Appointments move School of Medicine forward

Senior leadership additions to position school well for the future

11/1/2012 | By: Matt Lush  |

The University of Nevada School of Medicine welcomes two faculty members to its senior leadership team this fall with the appointments of James Kenyon, Ph.D., and Evan Klass, M.D., to their respective roles of senior associate dean for research and the newly-created position of associate dean for statewide initiatives.

These appointments to the dean's leadership team at the School of Medicine will help position the school to thrive in the years ahead, said Dean Thomas L. Schwenk.

As senior associate dean for research, Kenyon's focus is to grow and support the development of a clinical research program at the School of Medicine.

"Clinical departments at the School of Medicine have focused largely on teaching and patient care," Kenyon said. "Under the guidance and desire of Tom Schwenk, there was an opportunity to develop research-which will attract grant funding-and I think will also increase the intellectual creative activities that our clinical faculty are able to do."

Kenyon is the director of the IDeA Network of Biomedical Research Excellence (INBRE) that provides the infrastructure to mentor and further develop faculty and staff members and provides core support in areas including informatics (for data storage and analytic support of basic and clinical research), proteomics and genomics. According to Kenyon, the INBRE is part of the NIH-funded IDeA program that has identified Nevada as one of 23 states where development of biomedical research is needed, and as a place where there is tremendous opportunity for further development.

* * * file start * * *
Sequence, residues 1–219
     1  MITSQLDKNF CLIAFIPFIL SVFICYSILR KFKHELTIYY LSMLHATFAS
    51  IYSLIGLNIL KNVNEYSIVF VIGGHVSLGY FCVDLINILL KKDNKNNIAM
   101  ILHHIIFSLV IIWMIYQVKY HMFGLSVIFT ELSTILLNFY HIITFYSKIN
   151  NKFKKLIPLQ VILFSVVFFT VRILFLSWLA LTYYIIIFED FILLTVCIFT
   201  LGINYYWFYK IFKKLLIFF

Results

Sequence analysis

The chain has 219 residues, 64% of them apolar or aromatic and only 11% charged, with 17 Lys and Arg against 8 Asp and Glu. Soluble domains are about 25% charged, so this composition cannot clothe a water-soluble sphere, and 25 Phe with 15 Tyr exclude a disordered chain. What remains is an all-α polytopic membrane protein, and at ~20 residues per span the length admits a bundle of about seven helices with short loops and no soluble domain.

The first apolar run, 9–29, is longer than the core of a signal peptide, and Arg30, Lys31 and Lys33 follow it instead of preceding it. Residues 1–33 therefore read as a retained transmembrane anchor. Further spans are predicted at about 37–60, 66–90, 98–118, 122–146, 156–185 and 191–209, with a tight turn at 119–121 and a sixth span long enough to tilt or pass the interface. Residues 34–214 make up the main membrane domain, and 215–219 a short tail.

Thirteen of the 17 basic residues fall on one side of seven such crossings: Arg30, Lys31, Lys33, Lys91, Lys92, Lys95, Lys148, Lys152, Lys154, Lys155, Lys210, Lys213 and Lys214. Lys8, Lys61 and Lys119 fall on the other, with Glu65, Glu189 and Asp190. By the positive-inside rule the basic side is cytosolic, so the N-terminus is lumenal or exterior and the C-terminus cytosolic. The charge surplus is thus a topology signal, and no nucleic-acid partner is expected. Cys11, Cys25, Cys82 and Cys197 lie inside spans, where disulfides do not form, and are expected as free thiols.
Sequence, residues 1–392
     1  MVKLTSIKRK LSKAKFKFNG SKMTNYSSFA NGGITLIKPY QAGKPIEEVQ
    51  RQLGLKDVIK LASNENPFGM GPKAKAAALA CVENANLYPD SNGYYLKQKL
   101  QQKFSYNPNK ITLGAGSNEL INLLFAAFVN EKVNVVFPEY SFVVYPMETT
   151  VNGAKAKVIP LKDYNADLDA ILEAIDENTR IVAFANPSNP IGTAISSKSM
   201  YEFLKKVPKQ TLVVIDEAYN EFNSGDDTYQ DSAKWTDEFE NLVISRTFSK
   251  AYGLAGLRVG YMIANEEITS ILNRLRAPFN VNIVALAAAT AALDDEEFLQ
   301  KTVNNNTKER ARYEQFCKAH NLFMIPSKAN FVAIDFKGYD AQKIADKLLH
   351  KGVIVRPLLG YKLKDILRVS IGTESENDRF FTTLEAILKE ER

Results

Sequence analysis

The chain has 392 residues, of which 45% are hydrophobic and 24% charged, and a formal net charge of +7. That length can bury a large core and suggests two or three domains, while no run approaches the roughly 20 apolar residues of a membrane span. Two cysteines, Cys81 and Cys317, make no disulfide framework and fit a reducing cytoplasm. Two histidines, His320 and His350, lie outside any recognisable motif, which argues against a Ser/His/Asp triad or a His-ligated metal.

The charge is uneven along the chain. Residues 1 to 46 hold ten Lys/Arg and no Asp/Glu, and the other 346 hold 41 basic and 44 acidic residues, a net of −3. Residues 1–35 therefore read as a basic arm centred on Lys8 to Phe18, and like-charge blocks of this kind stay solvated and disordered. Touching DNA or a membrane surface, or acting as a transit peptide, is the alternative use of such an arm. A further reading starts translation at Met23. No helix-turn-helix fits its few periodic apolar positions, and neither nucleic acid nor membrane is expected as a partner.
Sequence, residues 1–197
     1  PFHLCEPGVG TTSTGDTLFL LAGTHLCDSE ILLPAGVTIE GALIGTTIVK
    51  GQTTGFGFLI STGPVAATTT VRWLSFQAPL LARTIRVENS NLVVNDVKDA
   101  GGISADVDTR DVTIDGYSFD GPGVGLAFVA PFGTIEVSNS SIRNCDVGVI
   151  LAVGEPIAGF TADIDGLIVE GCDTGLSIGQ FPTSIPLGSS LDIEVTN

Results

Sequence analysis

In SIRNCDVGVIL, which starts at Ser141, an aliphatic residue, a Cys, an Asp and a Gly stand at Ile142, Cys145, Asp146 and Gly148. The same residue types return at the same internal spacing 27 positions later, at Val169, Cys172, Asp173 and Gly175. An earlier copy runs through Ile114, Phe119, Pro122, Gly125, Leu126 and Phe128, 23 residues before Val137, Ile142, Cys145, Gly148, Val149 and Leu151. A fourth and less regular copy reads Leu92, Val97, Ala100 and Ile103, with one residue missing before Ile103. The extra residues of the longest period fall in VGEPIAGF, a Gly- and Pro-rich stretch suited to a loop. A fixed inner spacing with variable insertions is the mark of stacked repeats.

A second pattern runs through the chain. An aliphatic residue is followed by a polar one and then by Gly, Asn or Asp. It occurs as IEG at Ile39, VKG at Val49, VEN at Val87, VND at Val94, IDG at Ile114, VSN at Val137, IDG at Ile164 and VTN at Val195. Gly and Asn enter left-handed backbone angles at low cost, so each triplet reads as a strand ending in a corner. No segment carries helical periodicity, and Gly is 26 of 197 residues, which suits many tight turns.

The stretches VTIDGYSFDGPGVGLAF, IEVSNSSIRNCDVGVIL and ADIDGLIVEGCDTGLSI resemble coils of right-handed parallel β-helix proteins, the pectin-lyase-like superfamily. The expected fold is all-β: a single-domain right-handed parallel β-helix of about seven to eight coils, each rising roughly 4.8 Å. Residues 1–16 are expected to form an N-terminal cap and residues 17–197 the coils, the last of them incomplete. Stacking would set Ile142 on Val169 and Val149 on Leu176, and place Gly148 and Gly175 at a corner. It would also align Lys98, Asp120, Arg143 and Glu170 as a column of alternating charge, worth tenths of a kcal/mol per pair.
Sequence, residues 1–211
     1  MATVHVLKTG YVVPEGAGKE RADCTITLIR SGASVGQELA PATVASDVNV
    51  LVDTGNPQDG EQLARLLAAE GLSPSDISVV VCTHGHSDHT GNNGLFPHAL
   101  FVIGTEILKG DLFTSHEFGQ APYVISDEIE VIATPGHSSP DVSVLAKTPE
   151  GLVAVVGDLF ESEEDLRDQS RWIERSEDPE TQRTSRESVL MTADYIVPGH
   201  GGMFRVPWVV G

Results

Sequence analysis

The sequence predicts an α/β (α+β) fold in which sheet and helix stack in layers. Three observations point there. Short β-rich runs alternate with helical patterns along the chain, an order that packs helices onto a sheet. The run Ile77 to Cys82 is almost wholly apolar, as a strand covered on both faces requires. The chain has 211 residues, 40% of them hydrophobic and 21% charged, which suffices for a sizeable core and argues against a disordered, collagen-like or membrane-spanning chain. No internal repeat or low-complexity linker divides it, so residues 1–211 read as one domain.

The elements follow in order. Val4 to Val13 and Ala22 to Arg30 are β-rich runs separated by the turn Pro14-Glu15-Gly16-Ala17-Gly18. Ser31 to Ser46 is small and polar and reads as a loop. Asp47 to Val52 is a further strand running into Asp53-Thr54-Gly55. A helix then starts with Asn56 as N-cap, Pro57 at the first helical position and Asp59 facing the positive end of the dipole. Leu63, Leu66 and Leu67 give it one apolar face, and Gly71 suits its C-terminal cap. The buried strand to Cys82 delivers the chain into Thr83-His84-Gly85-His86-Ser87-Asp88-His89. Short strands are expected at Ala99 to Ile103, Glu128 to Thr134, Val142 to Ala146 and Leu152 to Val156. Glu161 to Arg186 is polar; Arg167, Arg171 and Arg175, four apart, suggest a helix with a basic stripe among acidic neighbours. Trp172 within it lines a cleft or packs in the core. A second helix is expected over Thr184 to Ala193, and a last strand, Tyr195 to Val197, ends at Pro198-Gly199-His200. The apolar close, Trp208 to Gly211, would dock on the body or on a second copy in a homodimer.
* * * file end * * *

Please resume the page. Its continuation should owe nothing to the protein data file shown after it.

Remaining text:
"Dr. Kenyon has the perfect mix of expertise and leadership style to help us accomplish new research ventures, the development of our clinical research capacity and the building of a research leadership team in Las Vegas," Schwenk said.

Kenyon completed his undergraduate degree in biology at Lehigh University and his doctorate in physiology and biophysics at the University of Vermont. He taught internal medicine and pharmacology at the University of Texas Southwestern Medical Center, and currently teaches physiology and cell biology at the University of Nevada School of Medicine.

Klass will be primarily responsible for the continued development of Project ECHO, or Extension for Community Health Outcomes, a successful telehealth program that provides critical outreach services to rural Nevada.

"Project ECHO is a way for rural primary care providers to offer their patients a level of service they previously couldn't offer," Klass said. "They can treat their patients with a faculty member standing by their side; virtually, of course."

Klass is hopeful for expansion of Project ECHO and other similar health care services to serve rural communities.

"What we are seeing is a paradigm shift in specialty services," Klass said. "We see Project ECHO expanding widely because of the specialty services that rural communities don't have. This program can fill the need. Project ECHO is essentially the third campus of the School of Medicine."

Schwenk sees a bright future for Project ECHO.

"This program has extraordinary potential for expansion and for securing significant support, as it contributes to improving the quality of health care for underserved populations throughout Nevada," he said.

Klass earned his undergraduate dual major in biology and psychology at the State University of New York at Buffalo, and completed his medical training at New York Medical College. He trained in internal medicine as a resident and chief resident at Long Island Jewish Medical Center, and completed a fellowship in endocrinology and metabolism at George Washington University Medical Center.


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